## 2 Preliminaries

For the convenience of the reader, we give some background materials from fractional calculus theory to facilitate the analysis of problem (1.1) and (1.2). These materials can be found in the recent literature; see [21, 28, 29].

**Definition 2.1** ([28])

where $n=[\alpha ]+1$, $[\alpha ]$ denotes the integer part of number *α*, provided that the right side is pointwise defined on $(0,+\mathrm{\infty})$.

**Definition 2.2** ([28])

provided that the right side is pointwise defined on $(0,+\mathrm{\infty})$.

From the definition of the Riemann-Liouville derivative, we can obtain the following statement.

**Lemma 2.1** ([28])

*Let*$\alpha >0$.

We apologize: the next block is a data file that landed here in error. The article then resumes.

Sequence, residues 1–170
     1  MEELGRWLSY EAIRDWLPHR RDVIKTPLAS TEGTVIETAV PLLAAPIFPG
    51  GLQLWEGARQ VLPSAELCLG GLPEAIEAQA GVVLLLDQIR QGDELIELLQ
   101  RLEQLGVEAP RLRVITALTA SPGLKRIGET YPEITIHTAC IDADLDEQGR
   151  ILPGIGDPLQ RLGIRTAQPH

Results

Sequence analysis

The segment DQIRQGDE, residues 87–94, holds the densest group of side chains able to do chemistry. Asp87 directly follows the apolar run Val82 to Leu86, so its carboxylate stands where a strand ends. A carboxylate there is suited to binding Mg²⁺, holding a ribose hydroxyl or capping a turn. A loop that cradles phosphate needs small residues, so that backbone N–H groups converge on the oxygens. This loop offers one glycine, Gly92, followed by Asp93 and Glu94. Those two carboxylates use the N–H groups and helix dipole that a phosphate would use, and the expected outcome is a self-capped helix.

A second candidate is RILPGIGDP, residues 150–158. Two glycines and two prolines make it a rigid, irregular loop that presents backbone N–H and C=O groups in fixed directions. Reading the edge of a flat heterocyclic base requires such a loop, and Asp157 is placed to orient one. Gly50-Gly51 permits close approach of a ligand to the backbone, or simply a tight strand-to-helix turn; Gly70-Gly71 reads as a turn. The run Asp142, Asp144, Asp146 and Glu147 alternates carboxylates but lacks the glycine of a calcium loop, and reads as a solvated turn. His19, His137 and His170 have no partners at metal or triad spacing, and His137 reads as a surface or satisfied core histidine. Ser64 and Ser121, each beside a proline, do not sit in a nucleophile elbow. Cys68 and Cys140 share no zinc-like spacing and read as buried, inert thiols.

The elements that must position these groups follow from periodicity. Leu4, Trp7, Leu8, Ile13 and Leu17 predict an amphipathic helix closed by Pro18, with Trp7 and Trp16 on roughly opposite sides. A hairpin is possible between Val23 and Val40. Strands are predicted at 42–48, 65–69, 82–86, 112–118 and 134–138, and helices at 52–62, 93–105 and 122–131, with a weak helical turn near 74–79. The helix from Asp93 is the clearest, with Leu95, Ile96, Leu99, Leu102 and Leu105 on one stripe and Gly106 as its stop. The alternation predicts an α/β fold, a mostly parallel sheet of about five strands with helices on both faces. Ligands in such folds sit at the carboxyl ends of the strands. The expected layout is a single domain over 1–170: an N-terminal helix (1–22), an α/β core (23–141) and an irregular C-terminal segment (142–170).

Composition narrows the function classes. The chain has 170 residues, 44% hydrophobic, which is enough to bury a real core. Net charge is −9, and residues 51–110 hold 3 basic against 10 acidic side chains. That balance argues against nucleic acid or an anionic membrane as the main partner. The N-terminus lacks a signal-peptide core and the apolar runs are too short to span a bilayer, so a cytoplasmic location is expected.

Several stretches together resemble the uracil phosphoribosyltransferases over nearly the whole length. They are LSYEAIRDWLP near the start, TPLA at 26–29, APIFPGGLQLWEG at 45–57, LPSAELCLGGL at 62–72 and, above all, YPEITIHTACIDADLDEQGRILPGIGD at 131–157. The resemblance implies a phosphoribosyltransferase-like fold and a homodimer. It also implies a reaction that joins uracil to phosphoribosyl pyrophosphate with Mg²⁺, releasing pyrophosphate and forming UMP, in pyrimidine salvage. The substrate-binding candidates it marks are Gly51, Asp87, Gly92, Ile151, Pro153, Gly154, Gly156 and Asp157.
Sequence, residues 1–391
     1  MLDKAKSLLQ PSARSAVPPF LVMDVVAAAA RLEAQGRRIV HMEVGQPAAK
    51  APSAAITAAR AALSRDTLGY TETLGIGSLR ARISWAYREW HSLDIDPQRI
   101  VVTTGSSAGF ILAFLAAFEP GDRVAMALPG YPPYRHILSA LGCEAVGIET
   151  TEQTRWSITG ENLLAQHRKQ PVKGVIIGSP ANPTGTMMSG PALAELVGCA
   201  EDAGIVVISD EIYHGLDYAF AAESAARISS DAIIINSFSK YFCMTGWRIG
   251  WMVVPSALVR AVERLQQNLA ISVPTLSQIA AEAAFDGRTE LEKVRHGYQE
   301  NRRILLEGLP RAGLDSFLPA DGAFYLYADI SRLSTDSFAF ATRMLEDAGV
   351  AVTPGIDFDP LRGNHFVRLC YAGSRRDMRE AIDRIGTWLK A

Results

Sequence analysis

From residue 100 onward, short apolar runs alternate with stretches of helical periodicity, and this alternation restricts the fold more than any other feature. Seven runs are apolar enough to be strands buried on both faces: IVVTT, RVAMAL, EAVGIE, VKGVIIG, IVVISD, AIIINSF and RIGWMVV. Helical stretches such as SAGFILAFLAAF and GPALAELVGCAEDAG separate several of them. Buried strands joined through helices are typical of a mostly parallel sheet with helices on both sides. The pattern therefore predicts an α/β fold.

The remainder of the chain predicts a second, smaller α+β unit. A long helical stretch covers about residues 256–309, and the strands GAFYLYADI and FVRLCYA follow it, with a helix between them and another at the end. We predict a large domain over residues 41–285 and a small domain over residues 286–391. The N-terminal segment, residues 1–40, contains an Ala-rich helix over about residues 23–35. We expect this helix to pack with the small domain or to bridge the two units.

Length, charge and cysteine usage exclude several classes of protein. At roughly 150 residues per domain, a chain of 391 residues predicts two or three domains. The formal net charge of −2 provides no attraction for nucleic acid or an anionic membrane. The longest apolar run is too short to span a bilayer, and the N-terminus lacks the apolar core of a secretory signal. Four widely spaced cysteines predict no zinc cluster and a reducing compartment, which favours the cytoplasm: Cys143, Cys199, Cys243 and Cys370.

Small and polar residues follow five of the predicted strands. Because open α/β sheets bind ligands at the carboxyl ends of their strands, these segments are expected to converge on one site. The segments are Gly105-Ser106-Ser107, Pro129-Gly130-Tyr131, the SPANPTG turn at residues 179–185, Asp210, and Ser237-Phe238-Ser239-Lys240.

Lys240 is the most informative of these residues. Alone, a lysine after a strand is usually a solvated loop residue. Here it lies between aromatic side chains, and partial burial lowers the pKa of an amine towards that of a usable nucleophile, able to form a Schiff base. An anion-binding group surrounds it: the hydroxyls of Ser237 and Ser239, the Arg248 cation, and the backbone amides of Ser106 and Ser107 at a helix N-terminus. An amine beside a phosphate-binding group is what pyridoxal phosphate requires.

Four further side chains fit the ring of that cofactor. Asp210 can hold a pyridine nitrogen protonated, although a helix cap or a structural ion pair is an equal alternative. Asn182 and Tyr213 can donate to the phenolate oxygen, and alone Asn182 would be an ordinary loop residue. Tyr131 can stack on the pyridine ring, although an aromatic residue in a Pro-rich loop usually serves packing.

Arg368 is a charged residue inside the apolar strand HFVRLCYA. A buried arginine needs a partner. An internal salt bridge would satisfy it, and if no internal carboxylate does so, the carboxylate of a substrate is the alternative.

*If we assume*$x\in C(0,1)\cap L(0,1)$,

*then the fractional differential equation*

*has* $x(t)={c}_{1}{t}^{\alpha -1}+{c}_{2}{t}^{\alpha -2}+\cdots +{c}_{n}{t}^{\alpha -n}$, ${c}_{i}\in \mathbb{R}$, $i=1,2,\dots ,n$, *as unique solutions*, *where* *n* *is the smallest integer greater than or equal to* *α*.

**Lemma 2.2** ([28])

*Assume that*$x\in C(0,1)\cap L(0,1)$

*with a fractional derivative of order*$\alpha >0$

*that belongs to*$C(0,1)\cap L(0,1)$.

*Then*

*for some* ${c}_{i}\in \mathbb{R}$, $i=1,2,\dots ,n$, *where* *n* *is the smallest integer greater than or equal to* *α*.

In the following, we present the Green function of the fractional differential equation boundary value problem.

**Lemma 2.3**

*Let*$y\in C[0,1]$

*and*$2<\alpha \le 3$.

*The unique solution of the problem*

*is*

*where*

*Here* $G(t,s)$ *is called the Green function of the boundary value problem* (2.1) *and* (2.2).

*Proof*We may apply Lemma 2.2 to reduce (2.1) to an equivalent integral equation

The proof is complete. □

**Lemma 2.4** ([21])

*The function*$G(t,s)$

*defined by*(2.3)

*satisfies the following conditions*:

- (1)
$G(t,s)=G(1-s,1-t)$,